Maybe if I drive over to your section of the Rifle or Pine, I could fish a fly I could actualy see, and then I might actually get to being a half decent dry fly guy. Fish on, brother.
"Out into the cool of the evening, strolls the Pretender. He knows that all his hopes and dreams, begin and end there." -JB
OldredbarnNovember 15th, 2011, 10:46 am
Novi, MI

Posts: 2608
that's just fine...


Yes it is...As they say, "To each his own", right?

Mr. Neal will tell you and he's said it here before that them Grayling boys like to toss large flies...There is an old saying, "Big flies equals big fish"...Hell! There are some folk that just fish the Hex and consider that the fishing season, but all I'm saying is that there is some fine fishing to be had by going small. Sometimes, size does matter...;)

I just don't run into these "teeny tiny" hatches on the waters I fish, guys (Rifle and Pine Rivers


I have told the story somewhere here before about sitting in a screened porch on the N Branch of the Au Sable when an angler waded down to the stairs just below where I was sitting. He gave me a lecture about his religion that he could never see a reason to fish anything smaller than a 12 or 14...I pointed to the size 24 (old P adoptiva) literally covering my screen and I said, "I've been doing very well on these", pointing in the direction of the screen. He squinted at them and shook his head from side to side and made a face like he was denying what his eyes had just seen and mumbled, "No way!", as he headed off downstream...I was a heretic to him...Damn near a member of the occult! :)

There is a great deal of faith like qualities in fly fishing...Blind faith, if you ask me. Tie on the "usual" or "the old trusty" and thrash the water in to a froth of hopefulness and prayer...:) A nice thing about this churchiness, when the dinky flies are about anyway, is sometimes the church is empty and I find myself in solitude...I can almost hear the snores of the sleeping Hex-Men...:)

So, Jonathon, you are going to stand by your thought that there is a trout filled stream in good old Michigan without a Baetid or Trico hatch? Even the trout-free Huron has a nice Trico hatch. My father was a lay minister in Hillman and he was always a bit troubled over his doubt-ridden son and would tell me that somethings are just a matter of faith...Ok then. :)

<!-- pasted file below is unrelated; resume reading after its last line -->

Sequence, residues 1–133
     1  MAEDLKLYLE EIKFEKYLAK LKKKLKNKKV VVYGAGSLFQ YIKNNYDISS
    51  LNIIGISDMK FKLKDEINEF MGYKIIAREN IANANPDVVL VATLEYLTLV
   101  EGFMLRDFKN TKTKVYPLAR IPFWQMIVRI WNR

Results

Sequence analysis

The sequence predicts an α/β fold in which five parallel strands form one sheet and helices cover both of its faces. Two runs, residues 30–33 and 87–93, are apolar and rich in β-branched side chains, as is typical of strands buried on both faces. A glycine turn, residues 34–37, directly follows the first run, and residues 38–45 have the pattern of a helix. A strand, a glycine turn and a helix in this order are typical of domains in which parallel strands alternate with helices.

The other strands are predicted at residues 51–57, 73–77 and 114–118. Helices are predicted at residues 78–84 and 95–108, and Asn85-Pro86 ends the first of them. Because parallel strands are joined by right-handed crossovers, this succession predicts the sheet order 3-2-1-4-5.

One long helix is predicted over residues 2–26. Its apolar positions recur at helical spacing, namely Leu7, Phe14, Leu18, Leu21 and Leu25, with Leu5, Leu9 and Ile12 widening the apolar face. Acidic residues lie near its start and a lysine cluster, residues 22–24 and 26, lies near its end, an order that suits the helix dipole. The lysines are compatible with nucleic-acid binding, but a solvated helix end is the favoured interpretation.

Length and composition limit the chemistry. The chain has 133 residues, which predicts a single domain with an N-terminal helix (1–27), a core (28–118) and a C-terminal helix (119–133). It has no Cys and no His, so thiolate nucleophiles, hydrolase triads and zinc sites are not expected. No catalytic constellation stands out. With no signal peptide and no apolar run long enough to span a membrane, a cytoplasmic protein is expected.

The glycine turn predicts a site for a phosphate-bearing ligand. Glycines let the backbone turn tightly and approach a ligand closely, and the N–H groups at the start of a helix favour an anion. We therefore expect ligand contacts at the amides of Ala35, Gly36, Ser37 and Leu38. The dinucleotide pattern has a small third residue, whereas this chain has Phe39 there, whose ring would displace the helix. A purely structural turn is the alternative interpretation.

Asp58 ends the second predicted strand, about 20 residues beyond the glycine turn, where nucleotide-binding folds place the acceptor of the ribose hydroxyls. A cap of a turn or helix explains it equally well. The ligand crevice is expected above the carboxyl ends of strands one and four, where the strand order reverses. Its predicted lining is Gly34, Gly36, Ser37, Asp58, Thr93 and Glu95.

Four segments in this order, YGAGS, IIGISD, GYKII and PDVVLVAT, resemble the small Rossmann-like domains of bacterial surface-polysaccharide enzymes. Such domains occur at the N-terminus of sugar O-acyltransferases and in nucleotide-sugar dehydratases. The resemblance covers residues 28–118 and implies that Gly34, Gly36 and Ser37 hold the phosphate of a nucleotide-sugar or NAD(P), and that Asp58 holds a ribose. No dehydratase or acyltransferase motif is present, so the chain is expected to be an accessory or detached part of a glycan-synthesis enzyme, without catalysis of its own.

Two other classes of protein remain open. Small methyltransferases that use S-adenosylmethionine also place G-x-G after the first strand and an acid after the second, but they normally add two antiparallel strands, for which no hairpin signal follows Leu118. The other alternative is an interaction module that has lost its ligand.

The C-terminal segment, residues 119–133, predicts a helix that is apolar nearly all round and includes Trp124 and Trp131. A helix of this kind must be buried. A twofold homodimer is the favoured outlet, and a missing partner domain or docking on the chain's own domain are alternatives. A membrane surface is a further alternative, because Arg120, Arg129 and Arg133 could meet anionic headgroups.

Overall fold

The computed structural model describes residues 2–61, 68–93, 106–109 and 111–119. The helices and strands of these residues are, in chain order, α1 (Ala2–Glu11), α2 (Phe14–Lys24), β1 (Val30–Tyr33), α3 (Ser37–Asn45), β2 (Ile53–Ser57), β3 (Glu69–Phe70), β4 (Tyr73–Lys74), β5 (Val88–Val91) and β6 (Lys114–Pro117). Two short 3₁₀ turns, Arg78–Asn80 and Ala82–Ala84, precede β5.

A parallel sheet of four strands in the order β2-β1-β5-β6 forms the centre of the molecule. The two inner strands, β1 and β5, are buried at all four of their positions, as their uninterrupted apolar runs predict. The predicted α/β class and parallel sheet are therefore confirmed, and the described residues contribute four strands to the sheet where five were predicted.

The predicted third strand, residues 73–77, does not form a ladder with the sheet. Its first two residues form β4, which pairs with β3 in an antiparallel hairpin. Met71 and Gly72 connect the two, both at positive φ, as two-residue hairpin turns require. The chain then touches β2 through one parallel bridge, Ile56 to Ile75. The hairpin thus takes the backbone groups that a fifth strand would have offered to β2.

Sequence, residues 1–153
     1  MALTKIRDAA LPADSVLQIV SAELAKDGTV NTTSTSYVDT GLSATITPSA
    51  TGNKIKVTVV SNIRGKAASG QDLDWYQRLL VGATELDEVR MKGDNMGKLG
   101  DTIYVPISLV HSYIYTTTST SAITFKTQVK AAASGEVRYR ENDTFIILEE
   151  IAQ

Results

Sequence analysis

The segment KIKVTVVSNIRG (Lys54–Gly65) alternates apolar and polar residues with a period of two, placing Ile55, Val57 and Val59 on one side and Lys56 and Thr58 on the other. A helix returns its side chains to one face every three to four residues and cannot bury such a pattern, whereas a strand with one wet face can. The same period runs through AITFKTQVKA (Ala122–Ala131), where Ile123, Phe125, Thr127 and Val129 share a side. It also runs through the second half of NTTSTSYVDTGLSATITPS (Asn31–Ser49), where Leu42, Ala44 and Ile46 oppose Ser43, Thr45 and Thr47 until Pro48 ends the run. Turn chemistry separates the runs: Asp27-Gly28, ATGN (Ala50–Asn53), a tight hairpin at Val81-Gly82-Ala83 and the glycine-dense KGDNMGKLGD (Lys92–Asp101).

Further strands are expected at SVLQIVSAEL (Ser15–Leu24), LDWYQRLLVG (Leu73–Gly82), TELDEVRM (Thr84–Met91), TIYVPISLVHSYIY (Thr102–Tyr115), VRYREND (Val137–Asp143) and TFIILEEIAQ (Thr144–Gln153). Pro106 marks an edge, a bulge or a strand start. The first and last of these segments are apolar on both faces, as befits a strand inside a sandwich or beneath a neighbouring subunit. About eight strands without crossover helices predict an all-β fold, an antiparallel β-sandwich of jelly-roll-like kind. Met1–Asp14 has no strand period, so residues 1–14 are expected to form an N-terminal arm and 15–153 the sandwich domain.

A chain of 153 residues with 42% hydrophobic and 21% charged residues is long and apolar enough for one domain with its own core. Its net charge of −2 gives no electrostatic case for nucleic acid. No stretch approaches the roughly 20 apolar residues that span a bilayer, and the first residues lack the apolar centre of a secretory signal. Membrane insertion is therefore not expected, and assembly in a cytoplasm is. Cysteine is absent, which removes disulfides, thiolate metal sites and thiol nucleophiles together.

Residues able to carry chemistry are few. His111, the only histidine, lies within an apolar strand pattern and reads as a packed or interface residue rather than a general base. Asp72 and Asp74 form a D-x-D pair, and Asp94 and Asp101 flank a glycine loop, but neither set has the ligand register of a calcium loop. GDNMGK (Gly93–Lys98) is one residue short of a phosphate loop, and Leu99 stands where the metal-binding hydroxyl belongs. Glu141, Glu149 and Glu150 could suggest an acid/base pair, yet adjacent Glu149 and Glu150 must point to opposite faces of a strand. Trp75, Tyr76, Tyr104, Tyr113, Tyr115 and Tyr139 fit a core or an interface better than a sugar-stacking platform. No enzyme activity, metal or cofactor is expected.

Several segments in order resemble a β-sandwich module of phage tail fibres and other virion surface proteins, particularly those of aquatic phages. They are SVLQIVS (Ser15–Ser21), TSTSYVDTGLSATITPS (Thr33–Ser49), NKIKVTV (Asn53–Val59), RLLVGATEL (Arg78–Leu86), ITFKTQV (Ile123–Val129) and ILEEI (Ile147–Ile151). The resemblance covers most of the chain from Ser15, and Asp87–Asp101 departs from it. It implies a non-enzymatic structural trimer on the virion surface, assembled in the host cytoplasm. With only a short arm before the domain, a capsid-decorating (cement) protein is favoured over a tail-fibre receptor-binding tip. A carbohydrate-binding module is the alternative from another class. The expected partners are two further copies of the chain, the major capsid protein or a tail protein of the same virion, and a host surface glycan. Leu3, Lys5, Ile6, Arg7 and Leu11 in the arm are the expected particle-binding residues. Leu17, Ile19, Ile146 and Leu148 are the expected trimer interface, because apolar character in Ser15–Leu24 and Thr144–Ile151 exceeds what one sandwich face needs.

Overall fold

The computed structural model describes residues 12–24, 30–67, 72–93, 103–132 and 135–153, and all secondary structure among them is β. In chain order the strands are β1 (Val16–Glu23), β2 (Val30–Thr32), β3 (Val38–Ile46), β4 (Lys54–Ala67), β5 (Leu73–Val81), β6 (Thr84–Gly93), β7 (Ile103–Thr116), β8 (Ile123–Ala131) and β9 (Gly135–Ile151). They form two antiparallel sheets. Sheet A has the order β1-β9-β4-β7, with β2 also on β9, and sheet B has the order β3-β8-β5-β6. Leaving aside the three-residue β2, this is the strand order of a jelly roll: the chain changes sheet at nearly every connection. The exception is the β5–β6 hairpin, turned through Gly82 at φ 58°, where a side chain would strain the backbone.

"A man hears what he wants to hear and disregards the rest." Paul Simon "The Boxer".

I'm actually going to see him here in Detroit this Friday evening...My little sister is taking her old "hippie" brother. There is almost 17 years difference between us.

"Detroit. Detroit. You've got a hell of a hockey team. You got a left-handed way of making a man sign up on that automotive dream...Oh yeah." "Papa Hobo" Paul Simon

That last one's for Tony in PA...;)

"Michigan seems like a dream to me now...We've all gone to look for America" P Simon

Spence



"Even when my best efforts fail it's a satisfying challenge, and that, after all, is the essence of fly fishing." -Chauncy Lively

"Envy not the man who lives beside the river, but the man the river flows through." Joseph T Heywood
Jmd123November 15th, 2011, 1:13 pm
Oscoda, MI

Posts: 2590
Spence, if I saw these teeny tinies hatching in any numbers on the waters that I fish, and fish rising to them, I would tie them and fish them. BUT I DON'T. Get it? I've seen a few tiny mayflies here and there, but NEVER in any significant numbers and when they are around I don't see any fish rising, probably because there aren't ENOUGH of them to justify feeding on top!

One day on the Rifle, there were fish rising all over the place, to something that I couldn't see, as there were almost no visible flies of ANY size on the water. I saw maybe less than a dozen mayflies and caddisflies all afternoon, yet the water seemed to be almost boiling with fish! I tied on a #12 Female Adams (I posted this story on here back then, early June I think it was) and had fish hitting it left and right, most of which were little guys I couldn't hook, but I did bring 7 browns to hand and lost probably three more.

If it were happening on the rivers that I fish, I would go small, but whenever I am there I just don't see it, and I think I do plenty of trout fishing these days, as well as when I lived up here 10-13 years ago.

BTW, do the smallies in the Huron feed on the Tricos? I would guess NOT...

Jonathon
No matter how big the one you just caught is, there's always a bigger one out there somewhere...
GutcutterNovember 16th, 2011, 9:22 pm
Pennsylvania

Posts: 470

"Detroit. Detroit. You've got a hell of a hockey team...
That last one's for Tony in PA...;)


And he carries the reminders
Of ev'ry glove that laid him down
Or cut him till he cried out
In his anger and his shame,
"I am leaving, I am leaving."


Kind of like 2009


"Michigan seems like a dream to me now...We've all gone to look for America"

Cathy, I said, as we boarded a Greyhound in Pittsburgh


I never really considered myself a hippie...
All men who fish may in turn be divided into two parts: those who fish for trout and those who don't. Trout fishermen are a race apart: they are a dedicated crew- indolent, improvident, and quietly mad.

-Robert Traver, Trout Madness
EntomanNovember 16th, 2011, 10:57 pm
Northern CA & ID

Posts: 2604
Tony,

Very nice trico hackle-stacker. Reversing it is interesting.

Kurt
"It's not that I find fishing so important, it's just that I find all other endeavors of Man equally unimportant... And not nearly as much fun!" Robert Traver, Anatomy of a Fisherman